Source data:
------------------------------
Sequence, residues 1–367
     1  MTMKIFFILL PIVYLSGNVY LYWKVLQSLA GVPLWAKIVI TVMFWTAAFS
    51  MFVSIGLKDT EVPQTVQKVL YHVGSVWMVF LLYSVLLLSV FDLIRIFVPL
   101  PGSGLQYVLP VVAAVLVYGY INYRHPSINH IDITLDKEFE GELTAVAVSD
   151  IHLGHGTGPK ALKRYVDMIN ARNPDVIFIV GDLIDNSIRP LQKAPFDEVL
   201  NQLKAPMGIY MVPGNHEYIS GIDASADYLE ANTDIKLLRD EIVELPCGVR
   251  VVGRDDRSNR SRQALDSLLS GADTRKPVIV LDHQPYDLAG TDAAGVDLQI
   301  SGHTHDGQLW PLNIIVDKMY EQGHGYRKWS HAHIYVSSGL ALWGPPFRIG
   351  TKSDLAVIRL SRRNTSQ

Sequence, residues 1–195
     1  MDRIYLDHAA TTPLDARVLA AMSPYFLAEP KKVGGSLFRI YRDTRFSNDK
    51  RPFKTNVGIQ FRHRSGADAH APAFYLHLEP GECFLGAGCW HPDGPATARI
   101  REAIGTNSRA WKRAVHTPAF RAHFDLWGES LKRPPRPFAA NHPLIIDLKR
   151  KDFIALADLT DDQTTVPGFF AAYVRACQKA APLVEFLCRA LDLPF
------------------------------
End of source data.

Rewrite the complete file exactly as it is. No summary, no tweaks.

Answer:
Sequence, residues 1–367
     1  MTMKIFFILL PIVYLSGNVY LYWKVLQSLA GVPLWAKIVI TVMFWTAAFS
    51  MFVSIGLKDT EVPQTVQKVL YHVGSVWMVF LLYSVLLLSV FDLIRIFVPL
   101  PGSGLQYVLP VVAAVLVYGY INYRHPSINH IDITLDKEFE GELTAVAVSD
   151  IHLGHGTGPK ALKRYVDMIN ARNPDVIFIV GDLIDNSIRP LQKAPFDEVL
   201  NQLKAPMGIY MVPGNHEYIS GIDASADYLE ANTDIKLLRD EIVELPCGVR
   251  VVGRDDRSNR SRQALDSLLS GADTRKPVIV LDHQPYDLAG TDAAGVDLQI
   301  SGHTHDGQLW PLNIIVDKMY EQGHGYRKWS HAHIYVSSGL ALWGPPFRIG
   351  TKSDLAVIRL SRRNTSQ

Sequence, residues 1–195
     1  MDRIYLDHAA TTPLDARVLA AMSPYFLAEP KKVGGSLFRI YRDTRFSNDK
    51  RPFKTNVGIQ FRHRSGADAH APAFYLHLEP GECFLGAGCW HPDGPATARI
   101  REAIGTNSRA WKRAVHTPAF RAHFDLWGES LKRPPRPFAA NHPLIIDLKR
   151  KDFIALADLT DDQTTVPGFF AAYVRACQKA APLVEFLCRA LDLPF